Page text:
The Politics of Doping – Twitter as Judge, Jury and Executioner

What annoys me most about Frank Schleck’s positive test for Xipamide is not the test in itself, but more the media reaction to it. I’ve no problem with outlets who have been covering the Tour for two an a half weeks reporting it, even if they do push it above the actual race in importance, but when some paper which hasn’t even bothered reporting the Tour just smashes out some drivel about cycling cheats to appease its readership’s preconceptions whilst simultaneously lauding footballers as the pinnacle of sportsmanship, then that’s a bit rich. Unfortunately, cyclist’s who get a positive test are now ruined, regardless of the truth, thanks to the internet and media.

Frank in better days.

As far as I’m aware, for all other sports, when a athlete gets an A-sample positive, their name is not released, and they are asked if they want the B-sample looked at or not. They can decline, which means they accept they have tested positive, and can admit it if they want, or they can accept the B-sample analysis, and if that is also positive, their name can be announced as testing positive. In some cases, athletes have remained anonymous throughout the entire ajudication process of some months.

Suddenly everyone’s an expert on this. It could be sugar for all I know.

Cycling has decided however to air its dirty linen in public, and so announces the A-samples as if that was the be-all and end all, which on the plus side manages to get anyone out of the race who has failed a test, but also destroys their and cycling’s reputation in the same breath. It’s not a very good system, and unfortunately there doesn’t seem to be a way for them to stop it without actually bothering to stick to their own rules.

Of course, once a test is announced these days, the internet goes into overdrive to give its collective pronoucment. As we saw with Frank Schleck, Twitter quickly picked up the story, and his name became the trending topic of the day as everyone managed to become instant experts in diuretics and Xipamide, a name I still cannot even pronounce (Ex-ip-a-mide?!), and angrily shouted down anyone who dared ask what it was as if it was common knowledge (That oddly enough was word for word from Wikipedia) . Que lots of swearing and ‘factual’ statements about doping amid long explanations of what exactly Schleck has covered up etc, which was impressive given they had but read about it.

This is the whole problem with positive tests these days – with the net, everyone becomes an ‘instant expert’ on everything they want based on some skim reading, and more worryingly, simply judge whether or not the person is guilty on whether they like them or not. Because Schleck is not liked for various reasons, he’s guilty. Simple as that apparently.

Such judgement will be why the Armstrong case will roll on forever regardless of the result of the latest inquiry. Opinion is already decided and polarised between what the other side christen the ‘Fanboys’ and ‘Haters’ in what often resembles a rather pathetic playground spat. Nicknames a seven year old would be ashamed to use are often bandied around, including ‘Pharmstrong’, ‘LieStrong’ etc, and the opposing opinion is simply sworn at and treated with an air of gleaming egotistical biggotry. For instance, when Jeff Notvizky began an investigation, the ‘Haters’ were in uproar, claiming this was the ‘beginning of the end’ (it always seems to be), giving their new hero the moniker ‘Uncle Jeff’ and gloating that their new family member could not be bought and would destroy the hated ‘Pharmstrong.’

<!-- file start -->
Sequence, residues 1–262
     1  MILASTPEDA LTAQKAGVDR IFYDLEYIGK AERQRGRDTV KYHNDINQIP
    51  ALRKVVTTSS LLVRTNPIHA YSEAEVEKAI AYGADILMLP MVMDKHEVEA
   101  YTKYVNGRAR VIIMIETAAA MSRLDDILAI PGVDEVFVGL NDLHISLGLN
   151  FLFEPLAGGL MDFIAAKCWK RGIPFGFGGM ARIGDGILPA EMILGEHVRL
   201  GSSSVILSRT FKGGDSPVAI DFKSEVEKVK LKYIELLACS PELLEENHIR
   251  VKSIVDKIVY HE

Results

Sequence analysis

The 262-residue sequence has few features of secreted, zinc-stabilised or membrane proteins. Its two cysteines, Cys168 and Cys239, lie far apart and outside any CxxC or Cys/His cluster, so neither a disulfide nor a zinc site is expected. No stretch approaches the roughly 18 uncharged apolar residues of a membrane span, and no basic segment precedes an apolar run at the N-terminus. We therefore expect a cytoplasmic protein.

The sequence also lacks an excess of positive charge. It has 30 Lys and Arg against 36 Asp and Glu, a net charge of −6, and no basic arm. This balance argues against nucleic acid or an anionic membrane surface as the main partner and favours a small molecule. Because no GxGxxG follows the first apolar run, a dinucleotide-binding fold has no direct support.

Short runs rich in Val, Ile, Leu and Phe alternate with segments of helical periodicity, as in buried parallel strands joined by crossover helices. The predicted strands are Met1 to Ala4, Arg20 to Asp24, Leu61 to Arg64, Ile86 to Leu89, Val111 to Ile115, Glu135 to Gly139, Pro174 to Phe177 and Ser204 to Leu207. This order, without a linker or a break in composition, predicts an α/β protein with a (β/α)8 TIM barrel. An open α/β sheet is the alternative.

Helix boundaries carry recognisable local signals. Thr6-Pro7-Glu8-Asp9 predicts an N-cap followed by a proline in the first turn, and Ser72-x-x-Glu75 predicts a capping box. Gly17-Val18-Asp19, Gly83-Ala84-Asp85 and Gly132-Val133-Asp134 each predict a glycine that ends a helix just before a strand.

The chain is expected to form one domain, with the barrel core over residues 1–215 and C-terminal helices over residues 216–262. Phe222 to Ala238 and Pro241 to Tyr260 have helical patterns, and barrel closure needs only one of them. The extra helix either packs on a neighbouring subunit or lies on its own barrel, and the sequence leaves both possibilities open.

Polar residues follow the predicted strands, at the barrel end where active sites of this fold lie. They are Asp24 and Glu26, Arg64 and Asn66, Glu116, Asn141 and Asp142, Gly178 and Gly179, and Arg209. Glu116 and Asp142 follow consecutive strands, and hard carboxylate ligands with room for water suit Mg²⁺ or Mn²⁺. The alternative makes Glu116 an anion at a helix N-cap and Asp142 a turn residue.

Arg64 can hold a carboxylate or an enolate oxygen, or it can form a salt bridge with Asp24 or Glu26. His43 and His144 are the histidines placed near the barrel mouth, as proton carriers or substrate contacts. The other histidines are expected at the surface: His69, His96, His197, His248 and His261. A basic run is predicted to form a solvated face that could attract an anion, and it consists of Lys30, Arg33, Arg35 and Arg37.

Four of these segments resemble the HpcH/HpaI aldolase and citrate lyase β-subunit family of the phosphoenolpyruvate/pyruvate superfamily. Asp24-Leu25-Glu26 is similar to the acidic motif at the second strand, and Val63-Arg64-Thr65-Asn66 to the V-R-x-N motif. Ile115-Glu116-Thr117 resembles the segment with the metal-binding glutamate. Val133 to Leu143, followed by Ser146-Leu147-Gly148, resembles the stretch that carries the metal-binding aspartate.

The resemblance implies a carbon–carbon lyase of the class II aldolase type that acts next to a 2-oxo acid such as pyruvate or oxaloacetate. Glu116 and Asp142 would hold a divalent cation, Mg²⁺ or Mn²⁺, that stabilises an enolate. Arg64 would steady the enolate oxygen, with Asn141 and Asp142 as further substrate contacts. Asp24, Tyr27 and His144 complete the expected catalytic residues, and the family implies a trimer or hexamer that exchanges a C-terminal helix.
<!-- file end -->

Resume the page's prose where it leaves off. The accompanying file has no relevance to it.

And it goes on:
‘Unbuyable Uncle Jeff/Bought bastard’ depending on the day of the week.

It was thus very weird to see what happenned when the investigation was dropped. The unbuyable ‘Uncle Jeff’ suddenly became just Notvizky again, and had been bought by Armstrong, the establishment and whoever else the people writing disliked that particular day. Apart from highlighting the ficklness and immaturity of people online (and don’t be fooled into thinking its just from the ‘Hater’ side either) , this demonstrates that regardless of what happens in that case, no one is going to admit they are wrong, as opinions have been too deeply entrenched and it would simply be too big a blow to their egos. So look forward to that rolling on forever – I honestly couldnt care or even claim to have an idea of the truth anymore given the convoluted nature of the whole thing.

But the same principle applies to Schleck – especially given the Armstrong connection, given Brunyeel now runs RadioShack. This of course meant Schleck was guilty as sin, whilst amongst the same people, Contador, as someone who had beaten Armstrong, was either involved in some conspiracy (Involving Armstrong, of course) or the beef defence and ludicrous legal argument he produced (‘You can’t prove I didn’t eat the salbutamol in the beef, thus I must have’…) was a sound defence apparently. People who didn’t like Contador of course saw this as utter nonsense.

The cause of so much hatred?

As you can see, there’s barely any point trying to argue a corner anymore, unless you have a particular penchant for being abused by someone who think swearing and puns and the highest forms of wit and think they’re such a hard man sitting behing a computer on the internet. So my advice would be to wait for the B-sample, see what that says, process the result, then return your attention to the people who really deserve it – the clean cyclists who are constantly overshadowed and underdiscussed whenever drugs rear their ugly head. It’s sport. Enjoy it.

What we should really be interested in.

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